How to Pivot like Peloton with Former Peloton Head of Marketing, Carolyn Tisch Blodgett
If the pandemic has shown us anything, it’s that a lot of the changes that were on the way have been accelerated into fruition. Take fitness—there had already been a trend toward connected fitness (boutique and home fitness merged) and then the pandemic hit, sending this change into overdrive. Carolyn Tisch Blodgett, the former Head of Marketing of Peloton and the rest of the team over at Peloton have seen this acceleration happen in real time. On this week’s episode of Left to Our Own Devices, Erica sits down with Tisch Blodgett to chat about staying connected to community through fitness, seeing women caretakers bear the brunt of the Covid burden, and how technology doesn’t quite replicate the water cooler moments at the office, but can be amazing for connecting virtually to long distance friends and family for rituals like Shabbat dinner.
“I had resigned from Peloton because ironically, I wanted to spend more time with my family. Didn’t realize quite how much time I was going to spend with my family when I made that decision.”
“When I joined Peloton four years ago, when I met Jon the co-founder and CEO and he talked about revolutionizing the fitness industry, and he talked about taking the best of boutique fitness and the best of home fitness and merging them together into this new category called connected fitness, where you could get an amazing workout, like you were getting in a boutique cycling studio, but get it in the comfort and convenience of your own home… That trend had started before, the pandemic obviously accelerated it.”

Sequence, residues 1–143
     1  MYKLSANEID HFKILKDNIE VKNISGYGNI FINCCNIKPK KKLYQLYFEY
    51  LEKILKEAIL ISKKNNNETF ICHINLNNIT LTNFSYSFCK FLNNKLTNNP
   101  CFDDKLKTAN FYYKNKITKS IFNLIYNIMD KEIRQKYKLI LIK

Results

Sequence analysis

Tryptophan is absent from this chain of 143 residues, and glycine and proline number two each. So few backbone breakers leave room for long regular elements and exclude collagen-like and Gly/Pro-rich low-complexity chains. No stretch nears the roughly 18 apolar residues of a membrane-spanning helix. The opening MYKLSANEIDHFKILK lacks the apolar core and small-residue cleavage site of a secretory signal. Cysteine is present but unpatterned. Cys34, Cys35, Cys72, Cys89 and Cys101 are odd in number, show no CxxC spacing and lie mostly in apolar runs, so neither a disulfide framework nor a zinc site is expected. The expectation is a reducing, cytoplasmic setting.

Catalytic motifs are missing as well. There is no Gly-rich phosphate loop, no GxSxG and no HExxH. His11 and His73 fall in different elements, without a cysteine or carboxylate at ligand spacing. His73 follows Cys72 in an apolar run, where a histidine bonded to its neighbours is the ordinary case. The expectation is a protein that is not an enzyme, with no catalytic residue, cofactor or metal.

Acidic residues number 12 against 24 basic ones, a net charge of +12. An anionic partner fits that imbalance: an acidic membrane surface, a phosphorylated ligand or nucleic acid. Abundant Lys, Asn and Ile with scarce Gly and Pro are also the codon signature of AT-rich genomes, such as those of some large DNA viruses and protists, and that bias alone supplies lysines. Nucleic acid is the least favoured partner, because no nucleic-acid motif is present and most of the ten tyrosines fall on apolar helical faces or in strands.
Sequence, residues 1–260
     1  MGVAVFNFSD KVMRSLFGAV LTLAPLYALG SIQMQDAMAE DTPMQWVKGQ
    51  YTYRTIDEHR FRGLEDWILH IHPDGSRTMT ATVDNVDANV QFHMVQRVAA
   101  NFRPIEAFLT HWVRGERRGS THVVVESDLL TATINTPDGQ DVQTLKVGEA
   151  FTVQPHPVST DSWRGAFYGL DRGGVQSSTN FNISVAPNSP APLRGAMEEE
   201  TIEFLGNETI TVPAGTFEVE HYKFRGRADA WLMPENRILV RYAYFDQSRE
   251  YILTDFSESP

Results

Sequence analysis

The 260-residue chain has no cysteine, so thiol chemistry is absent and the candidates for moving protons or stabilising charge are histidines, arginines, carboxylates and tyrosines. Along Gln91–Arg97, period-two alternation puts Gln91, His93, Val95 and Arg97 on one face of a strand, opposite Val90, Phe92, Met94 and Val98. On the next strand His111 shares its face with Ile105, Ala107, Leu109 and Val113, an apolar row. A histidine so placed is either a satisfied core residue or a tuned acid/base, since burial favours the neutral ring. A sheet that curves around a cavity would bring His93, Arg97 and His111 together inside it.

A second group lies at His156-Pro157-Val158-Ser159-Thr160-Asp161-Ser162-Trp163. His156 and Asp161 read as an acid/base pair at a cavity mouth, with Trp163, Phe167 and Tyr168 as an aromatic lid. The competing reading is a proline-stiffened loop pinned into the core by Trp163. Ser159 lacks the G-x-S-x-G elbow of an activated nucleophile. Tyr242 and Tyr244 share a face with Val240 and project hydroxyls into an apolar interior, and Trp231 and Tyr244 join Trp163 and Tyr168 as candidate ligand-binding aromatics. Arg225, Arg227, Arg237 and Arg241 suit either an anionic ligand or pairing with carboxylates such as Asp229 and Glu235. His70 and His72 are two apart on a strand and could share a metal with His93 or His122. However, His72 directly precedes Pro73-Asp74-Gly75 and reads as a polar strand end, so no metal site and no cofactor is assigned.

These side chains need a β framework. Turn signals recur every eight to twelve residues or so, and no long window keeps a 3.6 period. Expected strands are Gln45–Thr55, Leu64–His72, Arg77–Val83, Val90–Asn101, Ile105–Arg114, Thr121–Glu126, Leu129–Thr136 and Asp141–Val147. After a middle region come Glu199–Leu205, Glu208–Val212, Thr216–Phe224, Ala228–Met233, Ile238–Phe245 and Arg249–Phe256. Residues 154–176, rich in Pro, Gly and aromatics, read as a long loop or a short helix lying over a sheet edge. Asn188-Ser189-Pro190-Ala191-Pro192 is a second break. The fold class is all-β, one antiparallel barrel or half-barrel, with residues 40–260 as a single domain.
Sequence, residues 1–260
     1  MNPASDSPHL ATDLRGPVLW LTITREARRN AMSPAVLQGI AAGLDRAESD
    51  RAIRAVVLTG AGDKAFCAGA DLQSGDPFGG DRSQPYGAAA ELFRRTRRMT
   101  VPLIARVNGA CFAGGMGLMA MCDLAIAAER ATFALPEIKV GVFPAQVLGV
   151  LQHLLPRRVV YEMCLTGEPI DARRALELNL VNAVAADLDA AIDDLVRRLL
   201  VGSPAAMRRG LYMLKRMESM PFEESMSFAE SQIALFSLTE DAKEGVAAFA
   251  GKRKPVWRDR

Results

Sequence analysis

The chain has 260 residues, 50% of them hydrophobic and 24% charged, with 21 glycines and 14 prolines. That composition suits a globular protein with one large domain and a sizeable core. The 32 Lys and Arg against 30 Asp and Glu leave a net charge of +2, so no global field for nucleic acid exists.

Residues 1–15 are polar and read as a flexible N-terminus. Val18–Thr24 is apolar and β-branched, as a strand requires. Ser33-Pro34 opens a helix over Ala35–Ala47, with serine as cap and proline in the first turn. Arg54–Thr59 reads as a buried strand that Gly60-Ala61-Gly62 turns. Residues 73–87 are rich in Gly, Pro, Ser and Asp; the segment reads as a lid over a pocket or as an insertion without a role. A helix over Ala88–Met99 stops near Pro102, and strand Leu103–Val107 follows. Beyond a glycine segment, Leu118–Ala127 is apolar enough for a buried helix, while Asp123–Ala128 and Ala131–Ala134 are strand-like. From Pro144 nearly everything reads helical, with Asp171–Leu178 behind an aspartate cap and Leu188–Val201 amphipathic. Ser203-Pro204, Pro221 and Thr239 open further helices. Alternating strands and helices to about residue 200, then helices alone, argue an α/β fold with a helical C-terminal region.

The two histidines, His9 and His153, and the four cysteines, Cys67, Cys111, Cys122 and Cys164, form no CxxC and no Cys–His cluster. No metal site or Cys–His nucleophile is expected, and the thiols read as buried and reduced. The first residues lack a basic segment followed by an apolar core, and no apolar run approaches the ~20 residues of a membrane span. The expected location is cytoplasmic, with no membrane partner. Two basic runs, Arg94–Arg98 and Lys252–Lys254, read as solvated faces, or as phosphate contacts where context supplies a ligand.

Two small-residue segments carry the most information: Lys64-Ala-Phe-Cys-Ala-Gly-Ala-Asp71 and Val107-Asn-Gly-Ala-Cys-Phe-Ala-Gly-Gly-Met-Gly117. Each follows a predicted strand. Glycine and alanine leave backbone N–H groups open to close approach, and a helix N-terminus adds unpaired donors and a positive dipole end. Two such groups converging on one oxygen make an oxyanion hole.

“We’re the most connected and also the most alone. The things we all took for granted about work of, like, the five-minute hallway conversation, or the, talking to someone over lunch at their office, all of that is gone. And the only connections over work are just sitting, staring at each other through a computer and doing the work.”
“Peloton for so many people, not only has the instructor been that source of connection, but the community of other riders.”
“A lot of companies have now realized what many of us have known for many years, which is, if I’m good at my job, I’m going to be good at my job whether I’m sitting at my house or sitting at a desk in an office. You can attract a much more diverse workforce by allowing things like flexibility.”
“Watching all these moms logging on—most of them work. And they’re all stepping away from their job to log their kids in…I think about the impact this will have on women, particularly caretakers, for the next few years, and it will be interesting to see how it plays out.”
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